California restaurants could take years to recover from pandemic

SACRAMENTO, Calif .– Almost a third of restaurants in California have closed permanently and two-thirds of workers have at least temporarily lost their jobs as the pandemic took hold more than a year ago and Governor Gavin Newsom imposed the first statewide lockdown, a legislative committee reported on Tuesday.

Few industries have been more battered than the restaurant industry, which before the pandemic included more than 76,000 restaurant establishments employing 1.8 million people, according to the California Restaurant Association.

But with the shutdown, up to a million of those workers were quickly put on leave or fired, the association told the state’s Senate Special Committee on Emergency Pandemic Response.

“COVID-19 has changed all of our lives, but its impacts have been felt harder in the restaurant industry,” said Democratic State Senator Josh Newman, who heads the committee and led the hearing On the question. “It is clear that the recovery will take time.”

Restaurant employment is still down a quarter from before the pandemic, according to the latest figures from the state’s employment development department.

Industry executives have said they fear a shortage of workers will close more establishments as the economy reopens.

The state initially shut down non-essential businesses, although it allowed dining establishments to continue offering take-out. Its color-coded tier system for reopening the economy then allowed restaurants to offer outdoor seating or indoor dining at different capacity levels as coronavirus cases abated. .

With fewer infections, increased vaccinations, and a positivity rate of less than 1%, officials say California is on track to lift most remaining restrictions on June 15.

Still in trouble

Still, many restaurants are struggling to serve customers already licensed within current capacity limits due to understaffing, the committee said.

Prospective employees might be able to make ends meet with federal unemployment and stimulus benefits instead of returning to work, he said in his report. Some may fear for their safety during the pandemic, while others may want “more stable career paths” after being repeatedly laid off.

“Right now, we’re just starting to feel that tightening,” said Matthew Sutton, senior vice president of government affairs and public policy for the California Restaurant Association. Without providing details, he said lawmakers may want to use some of the state’s massive budget surplus to create an incentive program for employees to return to work.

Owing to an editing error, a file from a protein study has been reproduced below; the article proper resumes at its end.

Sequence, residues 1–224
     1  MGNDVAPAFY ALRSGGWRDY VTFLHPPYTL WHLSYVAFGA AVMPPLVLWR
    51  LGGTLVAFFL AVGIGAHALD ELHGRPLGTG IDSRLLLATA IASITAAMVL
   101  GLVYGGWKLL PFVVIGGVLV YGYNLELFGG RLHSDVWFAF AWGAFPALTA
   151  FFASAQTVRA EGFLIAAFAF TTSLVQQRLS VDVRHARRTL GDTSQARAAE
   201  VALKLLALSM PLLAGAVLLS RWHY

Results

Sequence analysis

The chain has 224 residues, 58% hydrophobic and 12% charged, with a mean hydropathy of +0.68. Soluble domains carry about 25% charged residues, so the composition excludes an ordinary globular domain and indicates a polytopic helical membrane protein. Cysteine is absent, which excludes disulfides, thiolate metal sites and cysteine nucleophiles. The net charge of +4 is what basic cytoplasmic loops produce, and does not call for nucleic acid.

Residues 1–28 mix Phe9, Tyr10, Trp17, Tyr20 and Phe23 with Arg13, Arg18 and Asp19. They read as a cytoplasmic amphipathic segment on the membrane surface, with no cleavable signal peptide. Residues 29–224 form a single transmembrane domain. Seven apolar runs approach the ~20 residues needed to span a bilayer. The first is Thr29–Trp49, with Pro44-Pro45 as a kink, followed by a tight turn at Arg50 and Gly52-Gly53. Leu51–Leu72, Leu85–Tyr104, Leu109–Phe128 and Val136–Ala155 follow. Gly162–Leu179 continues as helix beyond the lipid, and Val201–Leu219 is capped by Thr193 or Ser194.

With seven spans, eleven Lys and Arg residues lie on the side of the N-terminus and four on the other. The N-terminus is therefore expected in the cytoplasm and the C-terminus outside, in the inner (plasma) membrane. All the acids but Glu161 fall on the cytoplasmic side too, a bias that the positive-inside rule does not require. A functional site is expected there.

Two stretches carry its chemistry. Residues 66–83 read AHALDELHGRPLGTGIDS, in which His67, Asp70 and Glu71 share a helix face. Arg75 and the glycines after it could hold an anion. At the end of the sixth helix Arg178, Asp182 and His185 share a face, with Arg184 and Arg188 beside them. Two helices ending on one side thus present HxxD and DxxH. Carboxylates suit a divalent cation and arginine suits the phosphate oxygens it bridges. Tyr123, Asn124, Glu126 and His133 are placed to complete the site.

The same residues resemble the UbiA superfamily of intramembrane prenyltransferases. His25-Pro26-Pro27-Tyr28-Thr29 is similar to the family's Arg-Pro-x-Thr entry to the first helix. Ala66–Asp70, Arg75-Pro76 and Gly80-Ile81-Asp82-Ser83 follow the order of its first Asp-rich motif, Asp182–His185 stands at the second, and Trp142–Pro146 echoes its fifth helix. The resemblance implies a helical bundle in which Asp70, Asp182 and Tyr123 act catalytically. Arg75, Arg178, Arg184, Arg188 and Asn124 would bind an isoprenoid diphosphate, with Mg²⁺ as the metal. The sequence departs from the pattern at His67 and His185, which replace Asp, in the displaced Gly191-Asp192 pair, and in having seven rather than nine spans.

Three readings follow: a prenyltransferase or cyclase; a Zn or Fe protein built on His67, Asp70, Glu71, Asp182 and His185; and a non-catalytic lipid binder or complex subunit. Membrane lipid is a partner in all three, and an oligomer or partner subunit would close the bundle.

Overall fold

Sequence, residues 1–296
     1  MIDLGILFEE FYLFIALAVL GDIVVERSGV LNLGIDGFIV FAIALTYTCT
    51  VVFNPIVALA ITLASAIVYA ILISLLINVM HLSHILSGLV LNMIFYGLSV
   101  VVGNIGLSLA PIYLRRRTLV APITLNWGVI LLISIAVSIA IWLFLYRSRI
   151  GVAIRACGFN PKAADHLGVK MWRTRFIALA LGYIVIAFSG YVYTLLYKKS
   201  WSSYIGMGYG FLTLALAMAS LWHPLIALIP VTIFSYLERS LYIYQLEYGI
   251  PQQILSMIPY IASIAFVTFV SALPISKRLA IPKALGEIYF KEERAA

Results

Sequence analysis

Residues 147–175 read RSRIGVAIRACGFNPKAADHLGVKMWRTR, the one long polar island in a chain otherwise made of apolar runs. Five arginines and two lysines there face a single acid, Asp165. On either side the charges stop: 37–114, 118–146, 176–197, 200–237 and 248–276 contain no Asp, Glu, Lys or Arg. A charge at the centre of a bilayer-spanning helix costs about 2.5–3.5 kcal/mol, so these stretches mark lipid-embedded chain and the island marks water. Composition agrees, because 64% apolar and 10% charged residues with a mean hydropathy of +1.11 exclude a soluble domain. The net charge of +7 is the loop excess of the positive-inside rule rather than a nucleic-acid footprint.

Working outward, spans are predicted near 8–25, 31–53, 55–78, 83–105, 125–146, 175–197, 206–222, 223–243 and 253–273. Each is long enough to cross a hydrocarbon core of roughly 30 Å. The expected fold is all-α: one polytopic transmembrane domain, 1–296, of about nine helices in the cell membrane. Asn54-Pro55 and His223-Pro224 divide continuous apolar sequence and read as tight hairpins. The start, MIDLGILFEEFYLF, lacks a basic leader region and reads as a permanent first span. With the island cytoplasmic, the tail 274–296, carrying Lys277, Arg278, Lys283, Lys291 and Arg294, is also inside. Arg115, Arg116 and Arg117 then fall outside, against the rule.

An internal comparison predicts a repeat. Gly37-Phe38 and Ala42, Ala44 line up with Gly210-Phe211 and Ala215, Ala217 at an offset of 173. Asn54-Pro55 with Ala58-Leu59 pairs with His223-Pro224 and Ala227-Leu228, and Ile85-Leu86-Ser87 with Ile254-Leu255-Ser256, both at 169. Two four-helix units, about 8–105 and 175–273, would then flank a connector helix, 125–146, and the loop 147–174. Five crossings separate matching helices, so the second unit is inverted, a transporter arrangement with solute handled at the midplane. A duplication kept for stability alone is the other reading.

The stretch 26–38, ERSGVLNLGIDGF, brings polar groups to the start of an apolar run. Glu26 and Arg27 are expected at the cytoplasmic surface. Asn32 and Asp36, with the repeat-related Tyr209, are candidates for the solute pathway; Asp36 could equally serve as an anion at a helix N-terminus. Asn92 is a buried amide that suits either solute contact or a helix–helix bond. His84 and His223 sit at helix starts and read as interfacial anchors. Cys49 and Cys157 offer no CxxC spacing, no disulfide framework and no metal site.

The industry is expected to eventually rebound, the Restaurant Association reported, creating another 160,000 jobs by 2029, for a total of nearly 2 million statewide.

“We can’t wait to start over, but it will take several years,” said Sutton. In the meantime, he said restaurants need to recover from lost revenue while their fixed costs like rent and insurance continue.

Abrupt shutdown orders from health officials did not give restaurant owners time to downsize or distribute food, drinks and other supplies they had just acquired, Sutton said and other witnesses at the hearing.

“Restaurant closures literally hit the ground,” he said, affecting a large part of the economy, including food suppliers. Many establishments weren’t designed around a take-out model, but most still tried to adapt “to keep their doors open to some extent” and keep some employees at work.

In retrospect, the state lacked evidence to support its decision to shut down alfresco dining and that rationale “was not communicated effectively,” said Dr Matt Willis, Marin County public health official. .

“Even without specific knowledge… I think this is an area where we could have done better,” Willis said, although he said the evidence for virus transmission from indoor meals were much clearer.

With no time to collect data on the risk of open-air contact transmission, health officials had to use their best judgment at the time, but now understand that the risk of transmission to the exterior is weak, said Willis and the director of the California Conference of Environmental Health Directors. director Justin Malan.

“We may not have had all of the right answers… but remember, this was a new coronavirus,” Malan said. “We didn’t have a plan of how to respond to this.”

Adapt to the new era

Restaurants said they adapted to a new business model on the fly during the pandemic, with help from the State Department of Alcohol Control, which was also responsible for inspecting establishments to ensure that they were following the rules of the pandemic.

They could offer curbside or free off-site deliveries, expand to outdoor spaces like patios, sidewalks, parking lots or closed streets with local approval, and sell alcoholic beverages to consume off-site. or with take-out. The state waived license renewal fees for two years for qualifying businesses.

In addition to safety measures such as masks, increased sanitation, employee health checks and physical distancing, restaurants adopted disposable menus or menus that customers could see on their smartphones and switched to providing food. silverware pre-rolled into napkins.

The improvements that restaurants make to their indoor airflow and filtering will stay in the long run, Sutton said, and restaurants also want to be able to maintain their expanded outdoor dining options.

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